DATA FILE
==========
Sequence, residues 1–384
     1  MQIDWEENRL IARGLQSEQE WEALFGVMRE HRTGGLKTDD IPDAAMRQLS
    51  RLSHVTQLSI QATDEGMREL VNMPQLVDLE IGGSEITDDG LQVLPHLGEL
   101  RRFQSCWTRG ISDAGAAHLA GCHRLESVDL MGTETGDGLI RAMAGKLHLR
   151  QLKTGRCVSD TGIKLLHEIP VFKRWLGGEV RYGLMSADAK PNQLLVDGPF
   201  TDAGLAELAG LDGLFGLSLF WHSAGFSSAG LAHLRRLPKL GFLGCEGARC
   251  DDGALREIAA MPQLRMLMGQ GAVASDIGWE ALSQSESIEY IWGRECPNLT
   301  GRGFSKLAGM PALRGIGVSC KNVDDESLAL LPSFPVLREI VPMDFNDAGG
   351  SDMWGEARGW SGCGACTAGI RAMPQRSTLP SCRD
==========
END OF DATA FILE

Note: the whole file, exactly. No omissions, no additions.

Sequence, residues 1–384
     1  MQIDWEENRL IARGLQSEQE WEALFGVMRE HRTGGLKTDD IPDAAMRQLS
    51  RLSHVTQLSI QATDEGMREL VNMPQLVDLE IGGSEITDDG LQVLPHLGEL
   101  RRFQSCWTRG ISDAGAAHLA GCHRLESVDL MGTETGDGLI RAMAGKLHLR
   151  QLKTGRCVSD TGIKLLHEIP VFKRWLGGEV RYGLMSADAK PNQLLVDGPF
   201  TDAGLAELAG LDGLFGLSLF WHSAGFSSAG LAHLRRLPKL GFLGCEGARC
   251  DDGALREIAA MPQLRMLMGQ GAVASDIGWE ALSQSESIEY IWGRECPNLT
   301  GRGFSKLAGM PALRGIGVSC KNVDDESLAL LPSFPVLREI VPMDFNDAGG
   351  SDMWGEARGW SGCGACTAGI RAMPQRSTLP SCRD